Countries Where We
Assist Native Ministries
Since the civil war began in Syria in 2011, the people of the Middle East have suffered unimaginable hardship and loss. Millions of Syrians fled their homes when ISIS invaded their communities. They are now destitute, living in foreign countries like Turkey, Jordan, Lebanon, and other places where they do not speak the language and cannot find employment. Likewise, millions of Iraqis fled their homes and headed for the northern region of Kurdistan.
Christian Aid Mission assists numerous indigenous ministries inside Syria and Iraq, as well as in the countries to which refugees fled. Away from their homes, where it was risky for them to inquire about the Christian faith, refugees have been talking with native missionaries about the gospel. Many have expressed disillusionment in Islam and interest in Jesus Christ.
Since ISIS was driven out of their self-proclaimed territory, many internally displaced people are returning to their towns and villages. Those who have become Christians are taking the gospel back to their communities, which have been closed to the gospel for centuries.
How You Can Make a Difference
Ways To Give
Evangelism & Discipleship
Since an indigenous ministry in Lebanon launched its audio outreach program in May 2017, hundreds of thousands of Kurdish people throughout Syria, Iraq, and Turkey have heard the gospel in their own language via radio and podcast. More than 14,000 people have called the ministry’s call centers to learn more about Jesus. The ministry is looking into setting up additional call centers to meet the demand. GIVE NOW to help evangelistic and discipleship ministries like this one in the Middle East.
One of several Christian Aid Mission-assisted indigenous ministries in the Middle East caring for traumatized refugee children, a Christian school in Jordan is providing Iraqi refugee children with a haven of healing. Teachers at the school use the Bible as part of their curriculum and teach students English, which will give them a career advantage. Grateful that their children are receiving a quality education, parents are open to the gospel message shared by many of their children after school. GIVE NOW to help community engagement ministries like this one in the Middle East.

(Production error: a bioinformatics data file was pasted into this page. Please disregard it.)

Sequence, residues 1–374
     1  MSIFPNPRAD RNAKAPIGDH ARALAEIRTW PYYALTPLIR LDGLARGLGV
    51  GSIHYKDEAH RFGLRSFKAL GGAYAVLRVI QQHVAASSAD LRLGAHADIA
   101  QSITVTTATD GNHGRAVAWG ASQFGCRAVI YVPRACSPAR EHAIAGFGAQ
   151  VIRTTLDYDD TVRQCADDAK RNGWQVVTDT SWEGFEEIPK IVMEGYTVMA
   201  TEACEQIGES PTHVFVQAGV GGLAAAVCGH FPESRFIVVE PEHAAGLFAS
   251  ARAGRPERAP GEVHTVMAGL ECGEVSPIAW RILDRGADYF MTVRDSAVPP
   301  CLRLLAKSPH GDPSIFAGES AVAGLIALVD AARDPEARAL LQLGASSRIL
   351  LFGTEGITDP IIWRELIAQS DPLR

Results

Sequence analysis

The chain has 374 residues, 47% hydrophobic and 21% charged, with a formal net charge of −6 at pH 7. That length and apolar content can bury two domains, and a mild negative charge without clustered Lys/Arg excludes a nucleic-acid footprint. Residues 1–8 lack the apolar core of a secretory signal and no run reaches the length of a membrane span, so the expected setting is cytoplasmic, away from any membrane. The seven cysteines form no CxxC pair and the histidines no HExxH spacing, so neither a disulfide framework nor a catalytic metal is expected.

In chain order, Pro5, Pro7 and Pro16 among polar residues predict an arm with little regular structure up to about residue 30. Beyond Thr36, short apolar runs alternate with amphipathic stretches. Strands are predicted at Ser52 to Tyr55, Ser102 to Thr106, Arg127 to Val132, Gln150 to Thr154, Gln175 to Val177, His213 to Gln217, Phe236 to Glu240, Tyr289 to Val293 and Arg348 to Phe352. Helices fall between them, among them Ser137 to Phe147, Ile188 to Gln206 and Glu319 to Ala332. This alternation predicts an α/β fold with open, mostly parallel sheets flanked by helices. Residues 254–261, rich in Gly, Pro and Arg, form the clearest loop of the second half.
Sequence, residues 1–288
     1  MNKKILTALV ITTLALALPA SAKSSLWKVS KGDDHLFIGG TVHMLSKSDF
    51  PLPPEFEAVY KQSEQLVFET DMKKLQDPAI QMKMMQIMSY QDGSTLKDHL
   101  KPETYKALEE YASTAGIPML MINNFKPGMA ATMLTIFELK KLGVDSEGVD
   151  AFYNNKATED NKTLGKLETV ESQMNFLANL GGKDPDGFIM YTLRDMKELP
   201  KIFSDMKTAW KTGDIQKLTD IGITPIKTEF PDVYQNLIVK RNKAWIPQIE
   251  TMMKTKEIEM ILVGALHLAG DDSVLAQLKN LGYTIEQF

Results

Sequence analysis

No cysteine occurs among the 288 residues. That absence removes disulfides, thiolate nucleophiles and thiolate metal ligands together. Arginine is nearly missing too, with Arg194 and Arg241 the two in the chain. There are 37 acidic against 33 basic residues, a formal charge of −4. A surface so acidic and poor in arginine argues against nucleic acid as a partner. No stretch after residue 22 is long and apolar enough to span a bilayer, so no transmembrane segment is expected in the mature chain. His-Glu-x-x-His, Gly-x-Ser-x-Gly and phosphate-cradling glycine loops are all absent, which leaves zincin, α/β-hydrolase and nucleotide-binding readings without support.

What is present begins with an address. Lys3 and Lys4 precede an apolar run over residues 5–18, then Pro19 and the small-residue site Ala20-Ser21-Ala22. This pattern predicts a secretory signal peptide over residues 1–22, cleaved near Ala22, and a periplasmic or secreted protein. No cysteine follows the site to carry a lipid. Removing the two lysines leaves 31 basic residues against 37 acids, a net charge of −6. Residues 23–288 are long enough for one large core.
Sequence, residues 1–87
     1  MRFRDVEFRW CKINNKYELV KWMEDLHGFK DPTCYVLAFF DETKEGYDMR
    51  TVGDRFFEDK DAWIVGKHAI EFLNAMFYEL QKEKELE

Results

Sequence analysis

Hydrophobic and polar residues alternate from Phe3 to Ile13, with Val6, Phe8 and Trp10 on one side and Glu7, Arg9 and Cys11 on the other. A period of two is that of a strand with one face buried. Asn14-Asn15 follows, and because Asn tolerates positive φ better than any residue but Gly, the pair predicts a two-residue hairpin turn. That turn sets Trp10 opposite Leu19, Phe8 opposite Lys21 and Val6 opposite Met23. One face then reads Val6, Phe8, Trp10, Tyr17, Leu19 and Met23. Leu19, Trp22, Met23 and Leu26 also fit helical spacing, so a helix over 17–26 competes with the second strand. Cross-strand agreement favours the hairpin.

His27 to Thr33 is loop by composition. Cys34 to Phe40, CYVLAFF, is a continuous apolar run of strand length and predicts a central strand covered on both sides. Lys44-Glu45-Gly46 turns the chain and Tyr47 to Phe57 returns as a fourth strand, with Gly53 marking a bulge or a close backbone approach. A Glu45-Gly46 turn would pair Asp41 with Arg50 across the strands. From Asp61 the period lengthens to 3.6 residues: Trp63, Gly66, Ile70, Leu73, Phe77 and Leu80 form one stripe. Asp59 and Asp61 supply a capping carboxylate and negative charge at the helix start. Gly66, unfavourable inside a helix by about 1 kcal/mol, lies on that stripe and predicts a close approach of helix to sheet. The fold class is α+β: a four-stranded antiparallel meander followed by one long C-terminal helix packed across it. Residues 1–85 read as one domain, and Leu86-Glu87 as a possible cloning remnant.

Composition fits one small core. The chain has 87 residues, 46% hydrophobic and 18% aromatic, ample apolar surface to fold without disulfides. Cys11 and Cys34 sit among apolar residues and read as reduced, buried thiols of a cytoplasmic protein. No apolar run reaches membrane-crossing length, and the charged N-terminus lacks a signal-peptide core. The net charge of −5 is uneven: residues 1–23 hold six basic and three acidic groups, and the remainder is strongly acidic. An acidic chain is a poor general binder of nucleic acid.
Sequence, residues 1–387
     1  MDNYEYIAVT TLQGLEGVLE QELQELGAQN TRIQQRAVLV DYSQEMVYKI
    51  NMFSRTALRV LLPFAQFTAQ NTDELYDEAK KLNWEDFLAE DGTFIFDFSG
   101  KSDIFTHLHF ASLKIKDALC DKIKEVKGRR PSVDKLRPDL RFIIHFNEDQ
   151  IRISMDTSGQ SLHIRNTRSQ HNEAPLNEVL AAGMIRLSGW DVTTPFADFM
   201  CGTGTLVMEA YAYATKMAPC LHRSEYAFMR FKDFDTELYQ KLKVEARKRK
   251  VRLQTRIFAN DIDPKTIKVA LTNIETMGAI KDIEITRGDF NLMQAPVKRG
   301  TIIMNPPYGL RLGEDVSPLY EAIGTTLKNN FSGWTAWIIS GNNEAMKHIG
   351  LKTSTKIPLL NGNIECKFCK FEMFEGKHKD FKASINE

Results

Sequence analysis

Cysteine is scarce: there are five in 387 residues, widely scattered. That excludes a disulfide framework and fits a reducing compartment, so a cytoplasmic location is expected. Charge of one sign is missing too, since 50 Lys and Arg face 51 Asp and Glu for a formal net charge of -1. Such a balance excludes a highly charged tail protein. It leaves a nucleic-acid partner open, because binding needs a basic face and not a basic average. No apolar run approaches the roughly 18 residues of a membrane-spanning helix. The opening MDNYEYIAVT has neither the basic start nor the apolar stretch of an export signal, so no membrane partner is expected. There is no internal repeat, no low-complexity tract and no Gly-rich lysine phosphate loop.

Christian Aid Mission assists several indigenous ministries in Turkey that are reaching out to thousands of Syrian refugees in tent camps. Apart from providing for their basic needs, gospel workers are going tent-to-tent to sit with the refugees, listen to their stories and pray for them. They distribute food packages, bottled water, clothing, shoes, and baby formula for infants born to mothers too malnourished to nurse them. During the winter months, they distribute firewood, blankets, and heaters. The ministries are also reaching children through Arabic picture Bibles. GIVE NOW to help compassion ministries like these in the Middle East.
Exclusive Stories from the Mission Field
Weeping, a young professional woman recently called the leader of a ministry based in her country in the Middle East at 11:30 p.m. Amal Mousa* still lived with the Muslim parents who raised her, and she told the leader that her father had learned she was attending church services against his orders.
A 30-year-old Kurdish woman was one of 6,000 Yazidis seized when ISIS militants invaded Iraq in 2014. Yazidi religion being especially despised by Muslim extremists, over the next three years she was sold to fighters of different factions who raped her and her daughters. When she was freed, her parents did not recognize her.
The 26-year-old son of wealthy Muslims was deeply troubled – by his mother’s prayers for him. “He became a believer, and his mother heard about it,” the leader of a local ministry said. “As she is a very strict Muslim lady, she began doing 50 Muslim prayers each day – 40 of these prayers is the norm for most strict Muslims – in order to get her son back into the Muslim faith.”
A refugee trying to recover from an injury to his skull sustained in war-torn Syria was in constant pain. Fellow refugees who had received food and other aid from local missionaries believed that kind-hearted people were healers, so they asked the leader of the ministry to come, believing that he was so kind he had to have power to heal.